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McMaster. Photo: Jabin Botsford/The Washington Post via Getty Images

Former Trump national security adviser H.R. McMaster in an interview with The Atlantic lamented that President Trump would not condemn white supremacy at Tuesday's debate, calling it a "missed opportunity" and affirming that white supremacist groups pose a threat to national security.

Catch up quick: Trump was asked at the first presidential debate to condemn white supremacy, but instead told the far-right group Proud Boys to "stand back and stand by." The president has since partially tried walking back his comments, telling reporters that he doesn't know who the Proud Boys are.

  • McMaster left his role in 2018 after approximately a year on the job. He's remained one of the most neutral ex-Trump administration officials, relative to the scores of defectors who have criticized the president since leaving their roles.

What they're saying: McMaster argued, "To use a sports analogy, condemning white supremacists should be a layup for any leader. "

  • "What we’re undervaluing these days is the importance of bringing Americans back together to reinforce our common identity."

The retired Army general added that Trump's refusal to condemn white supremacism "gives space to these groups that foment hatred and intolerance."

  • "And whenever you have a group at one end of the spectrum who define themselves in a particular way, you tend to get an equal and opposite reaction on the other end of the spectrum. ... Our leaders should give voice to those of us who reject extremists and intolerance."

Go deeper

Updated Oct 23, 2020 - Axios Events

Watch: A conversation on the upcoming election

On Friday, October 23 Axios' Mike Allen, Margaret Talev, and Stef Kight hosted a conversation on voter turnout and how national security will play a key role in November's election, featuring Congressional Black Caucus Chair Rep. Karen Bass (D-Calif.), CEO of Voto Latino María Teresa Kumar and former national security adviser H.R. McMaster.

María Teresa Kumar discussed Voto Latino's registration of 567,000 new voters in six key battleground states, and trends across the Latino electorate.

  • On the growth of eligible Latino voters and its effect on swing states: "Four million more young Latino voters are eligible to vote. Every 30 seconds, a young Latino becomes eligible to vote. So that is why you see such a shifting in our electoral map of what is now considered a toss up."

Rep. Karen Bass unpacked her concerns about the election, voter suppression, and her priorities in the coming weeks.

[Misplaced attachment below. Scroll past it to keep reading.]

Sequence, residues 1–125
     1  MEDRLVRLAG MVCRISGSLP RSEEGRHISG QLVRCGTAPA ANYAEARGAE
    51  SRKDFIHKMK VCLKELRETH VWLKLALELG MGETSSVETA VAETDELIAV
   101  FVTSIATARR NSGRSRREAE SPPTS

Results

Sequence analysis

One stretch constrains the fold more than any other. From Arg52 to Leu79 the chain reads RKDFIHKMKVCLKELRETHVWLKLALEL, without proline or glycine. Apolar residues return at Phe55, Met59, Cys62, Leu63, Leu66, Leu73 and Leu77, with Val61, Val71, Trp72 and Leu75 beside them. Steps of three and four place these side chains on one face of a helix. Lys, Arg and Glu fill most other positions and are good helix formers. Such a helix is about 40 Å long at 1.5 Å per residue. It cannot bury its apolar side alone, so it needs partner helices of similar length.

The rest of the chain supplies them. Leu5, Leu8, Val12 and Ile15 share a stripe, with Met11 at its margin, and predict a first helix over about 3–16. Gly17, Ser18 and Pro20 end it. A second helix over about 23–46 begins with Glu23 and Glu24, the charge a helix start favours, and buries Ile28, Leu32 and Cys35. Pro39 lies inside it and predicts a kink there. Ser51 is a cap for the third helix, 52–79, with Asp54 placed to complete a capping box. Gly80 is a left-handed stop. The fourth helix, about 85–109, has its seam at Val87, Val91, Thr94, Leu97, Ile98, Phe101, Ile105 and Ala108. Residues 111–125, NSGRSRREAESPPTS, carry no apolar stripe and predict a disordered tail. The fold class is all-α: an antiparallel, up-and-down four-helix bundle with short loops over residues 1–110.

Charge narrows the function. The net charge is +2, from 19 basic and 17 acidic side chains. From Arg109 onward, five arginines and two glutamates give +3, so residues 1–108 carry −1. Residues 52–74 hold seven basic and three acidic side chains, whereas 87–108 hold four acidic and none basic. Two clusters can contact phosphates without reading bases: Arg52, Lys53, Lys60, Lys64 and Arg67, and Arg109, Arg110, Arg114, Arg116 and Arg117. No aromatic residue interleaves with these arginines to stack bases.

• On President Trump's political rhetoric: "I'm really worried about November 4th, frankly, because the president has been so divisive...He doesn't use a dog whistle. He has a bullhorn and he's telling [white supremacist groups] to all come out."
  • On the priorities of the Congressional Black Caucus going into 2021: "Our number one, number two, and number three priorities are COVID. "

Retired Lieutenant General H.R. McMaster discussed Russia's attempts to disrupt U.S. elections in 2016 and 2020, American foreign policy, and his view of Russian President Vladimir Putin's long-term goals.

  • On Russia's election disruption strategies: "Russia is engaged in a sustained campaign of political subversion against us...The broad effort is to use disinformation to shake our confidence in who we are as a people, to polarize our society, to pit us against each other, and to shake our confidence in our democratic principles, institutions and processes."

Thank you Bank of America for sponsoring this event.

Republicans pledge to set aside differences and work with Biden

President Biden speaks to Sen. Mitch McConnell after being sworn in at the West Front of the U.S. Capitol on Wednesday. Photo: Erin Schaff-Pool/Getty Images

Several Republicans praised President Biden's calls for unity during his inaugural address on Wednesday and pledged to work together for the benefit of the American people.

Why it matters: The Democrats only have a slim majority in the Senate and Biden will likely need to work with the GOP to pass his legislative agenda.

The Biden protection plan

Joe Biden announces his first run for the presidency in June 1987. Photo: Howard L. Sachs/CNP/Getty Images

The Joe Biden who became the 46th president on Wednesday isn't the same blabbermouth who failed in 1988 and 2008.

Why it matters: Biden now heeds guidance about staying on task with speeches and no longer worries a gaffe or two will cost him an election. His staff also limits the places where he speaks freely and off the cuff. This Biden protective bubble will only tighten in the months ahead, aides tell Axios.